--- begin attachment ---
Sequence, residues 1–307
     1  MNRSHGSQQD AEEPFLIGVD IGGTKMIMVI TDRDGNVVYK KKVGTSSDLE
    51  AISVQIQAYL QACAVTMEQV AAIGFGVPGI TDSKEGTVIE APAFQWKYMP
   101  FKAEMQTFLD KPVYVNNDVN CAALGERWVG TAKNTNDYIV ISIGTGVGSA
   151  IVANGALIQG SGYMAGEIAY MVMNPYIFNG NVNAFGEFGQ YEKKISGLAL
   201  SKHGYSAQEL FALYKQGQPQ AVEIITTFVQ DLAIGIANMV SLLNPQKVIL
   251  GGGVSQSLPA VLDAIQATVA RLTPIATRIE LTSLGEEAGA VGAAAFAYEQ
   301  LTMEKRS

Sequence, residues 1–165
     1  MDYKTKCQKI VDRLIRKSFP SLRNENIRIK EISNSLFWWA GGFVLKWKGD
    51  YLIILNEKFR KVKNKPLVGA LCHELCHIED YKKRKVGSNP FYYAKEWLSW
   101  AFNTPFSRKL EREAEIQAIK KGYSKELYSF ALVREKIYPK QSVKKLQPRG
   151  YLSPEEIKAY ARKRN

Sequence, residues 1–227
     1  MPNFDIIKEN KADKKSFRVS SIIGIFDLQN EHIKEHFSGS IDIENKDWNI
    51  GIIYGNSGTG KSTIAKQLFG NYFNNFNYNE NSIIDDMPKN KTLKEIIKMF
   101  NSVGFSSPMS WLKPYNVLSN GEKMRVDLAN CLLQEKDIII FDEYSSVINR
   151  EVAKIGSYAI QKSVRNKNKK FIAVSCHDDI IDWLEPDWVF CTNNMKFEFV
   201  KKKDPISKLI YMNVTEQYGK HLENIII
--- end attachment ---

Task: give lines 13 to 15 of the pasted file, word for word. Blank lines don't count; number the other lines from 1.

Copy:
   151  YLSPEEIKAY ARKRN

Sequence, residues 1–227
     1  MPNFDIIKEN KADKKSFRVS SIIGIFDLQN EHIKEHFSGS IDIENKDWNI